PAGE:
The leaks, which sprang not long after pipeline owner Russia signaled plans to cut off the flow of energy to Germany, led to rampant speculation that Western forces or Russia itself may have intentionally sabotaged the lines.
Seismologists said Tuesday that explosions rattled the Baltic Sea before they were discovered.
Evidence of such a provocation would undoubtedly escalate the current conflict over the Ukrainian border to one of outright global warfare between nuclear superpowers.
“Whoever ordered this should be prosecuted for war crimes and go to jail,” said Rob Jackson, a Stanford University climate scientist.
On his Fox News show Tuesday night, Tucker Carlson presented evidence that the Biden administration may, in fact, have been the culprit—which some European nations, including Poland, appeared to reaffirm.
In addition to the potential for military escalation, the act will almost certainly drive up energy prices in Europe and create a ripple effect for global economies already underwater in the midst of a post-pandemic recession.
“Whatever the truth may be, the end result remains the same. Gas and electricity will be more expensive,” wrote conservative blogger JD Rucker, arguing that globalists may have coordinated the plot as a way to effect the long-sought “Great Reset” to the world economy.
“There will be a huge push to turn to ‘renewables’, talk about ‘‘climate catastrophe’, and maybe even be energy rationing and/or blackouts,” he continued. “People will freeze, starve and probably die this winter. That has always been part of the plan, what reason is there to think this ‘attack’ is anything but more of the same?”
Another undeniable impact will be the effect that the leaks have on the environment—ironic given that the primary suspects in the sabotage have long pushed for drastic measures to combat climate change by curbing greenhouse-gas emissions.
Methane seen bubbling at the ocean surface was an indication of “a strong upward flow,” according to Paul Balcombe, a member of the engineering faculty at the department of chemical engineering at Imperial College London.
The loss of pressure in the pipe likely meant a large amount of gas was already lost, he said. The impacts of the gas leak are still coming into focus, Balcombe said, but are likely to be significant.
“It would have a very large environmental and climate impact indeed, even if it released a fraction of this,” he said.
The leaks that were pumping huge volumes of methane into the Baltic Sea and atmosphere could discharge up to five times as much gas as was released by the Aliso Canyon disaster, the largest known terrestrial release of methane in U.S. history.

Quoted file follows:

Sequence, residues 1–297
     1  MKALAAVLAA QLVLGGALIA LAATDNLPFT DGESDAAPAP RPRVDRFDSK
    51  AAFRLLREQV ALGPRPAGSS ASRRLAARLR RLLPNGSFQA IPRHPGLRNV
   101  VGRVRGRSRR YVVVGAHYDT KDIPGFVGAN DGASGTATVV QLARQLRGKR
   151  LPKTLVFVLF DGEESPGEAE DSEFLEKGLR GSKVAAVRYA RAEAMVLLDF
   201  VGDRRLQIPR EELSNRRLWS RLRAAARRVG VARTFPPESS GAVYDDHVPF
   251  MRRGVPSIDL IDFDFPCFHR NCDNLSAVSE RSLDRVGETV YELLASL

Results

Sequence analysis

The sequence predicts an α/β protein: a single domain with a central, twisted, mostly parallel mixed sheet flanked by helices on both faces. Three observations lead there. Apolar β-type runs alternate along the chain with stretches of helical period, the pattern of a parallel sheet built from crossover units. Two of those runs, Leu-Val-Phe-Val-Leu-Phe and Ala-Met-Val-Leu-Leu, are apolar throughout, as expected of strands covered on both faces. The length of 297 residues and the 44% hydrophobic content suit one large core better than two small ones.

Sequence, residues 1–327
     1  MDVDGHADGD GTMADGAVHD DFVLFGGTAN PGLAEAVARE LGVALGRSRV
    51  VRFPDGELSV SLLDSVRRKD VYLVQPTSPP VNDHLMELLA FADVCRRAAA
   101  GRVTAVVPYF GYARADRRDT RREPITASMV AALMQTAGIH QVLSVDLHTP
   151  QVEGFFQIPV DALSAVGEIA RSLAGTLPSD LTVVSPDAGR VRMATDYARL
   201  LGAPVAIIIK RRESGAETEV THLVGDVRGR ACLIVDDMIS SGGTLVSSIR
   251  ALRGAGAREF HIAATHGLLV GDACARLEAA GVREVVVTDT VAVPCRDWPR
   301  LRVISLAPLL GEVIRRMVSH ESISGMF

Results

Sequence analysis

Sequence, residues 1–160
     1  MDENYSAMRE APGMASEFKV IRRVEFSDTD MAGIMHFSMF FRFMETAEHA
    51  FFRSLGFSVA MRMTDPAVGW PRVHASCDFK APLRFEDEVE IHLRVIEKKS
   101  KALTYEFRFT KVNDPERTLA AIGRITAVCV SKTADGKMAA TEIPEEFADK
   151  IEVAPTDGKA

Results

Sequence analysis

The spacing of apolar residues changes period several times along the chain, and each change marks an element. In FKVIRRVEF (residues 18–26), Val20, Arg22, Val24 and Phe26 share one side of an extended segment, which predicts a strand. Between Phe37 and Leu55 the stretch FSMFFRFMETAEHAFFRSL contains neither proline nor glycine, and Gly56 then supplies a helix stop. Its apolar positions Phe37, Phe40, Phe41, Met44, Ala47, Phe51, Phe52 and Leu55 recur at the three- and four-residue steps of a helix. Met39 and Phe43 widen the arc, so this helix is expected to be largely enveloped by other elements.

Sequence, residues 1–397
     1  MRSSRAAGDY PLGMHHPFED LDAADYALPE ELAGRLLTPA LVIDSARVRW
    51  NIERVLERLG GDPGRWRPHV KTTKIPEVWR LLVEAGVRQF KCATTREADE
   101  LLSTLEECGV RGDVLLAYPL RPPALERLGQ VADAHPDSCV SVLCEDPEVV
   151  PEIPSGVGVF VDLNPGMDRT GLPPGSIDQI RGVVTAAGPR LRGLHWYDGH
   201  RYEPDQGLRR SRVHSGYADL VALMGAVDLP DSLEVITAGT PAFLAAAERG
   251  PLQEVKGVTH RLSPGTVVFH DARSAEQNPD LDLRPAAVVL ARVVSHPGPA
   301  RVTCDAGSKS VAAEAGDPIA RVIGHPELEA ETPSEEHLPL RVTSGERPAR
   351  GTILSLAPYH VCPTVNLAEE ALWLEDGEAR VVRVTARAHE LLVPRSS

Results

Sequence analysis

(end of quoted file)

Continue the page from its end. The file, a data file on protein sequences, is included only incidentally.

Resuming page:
It is also the equivalent of one third of Denmark’s total annual greenhouse gas emissions, a Danish official warned Wednesday.
Two scientists looked at the official worst-case scenario estimates provided by the Danish government—778 million cubic meters of gas—for the Associated Press. They calculated that would be an equivalent of roughly half a million metric tons of methane. The Aliso Canyon disaster released 90-100,000 metric tons.
Andrew Baxter, a chemical engineer who formerly worked in the offshore oil and gas industry, and is now at the environmental group EDF thought the Danish estimate was likely too high. He had a more conservative estimate. But it was still more than double the Aliso Canyon disaster.
“That’s one thing that is consistent with these estimates,” he said, “It’s catastrophic for the climate.”
Kristoffer Böttzauw, head of the Danish Energy Agency, said emissions from the three leaks on the underwater Nord Stream 1 and 2 pipelines correspond to approximately 32% of annual Danish carbon-dioxide emissions. Danish emissions in 2020 were approximately 45 million tons of CO2.
Böttzauw, told a press conference that the agency expects the gas to be out of the pipes, that run from Russia to Germany, by Sunday.
“We believe that half the gas is out by now of one of the two pipes,” Böttzauw said. “We are talking about a huge spill of several million cubic meters of gas.”
The Danish agency statement added that its calculation was based on information from operators Nord Stream AG and Nord Stream 2 AG about the content of natural gas in the three pipelines that are leaking.
The incidents come as the EU struggles to keep a lid on soaring gas and electricity prices.
“As long as there is gas, it dangerous to be there,” Böttzauw said, declining to say when experts would be able to go down and see the pipes, which he said was made of 12-centimeter [5-inch] thick steel coated with concrete. They lie on the seabed between 70 and 90 meters [230 feet and 295 feet] deep.
The leaks all were in international waters. Two were within the Danish exclusive economic zone while the third is in the Swedish equivalent.
Adapted from reporting by the Associated Press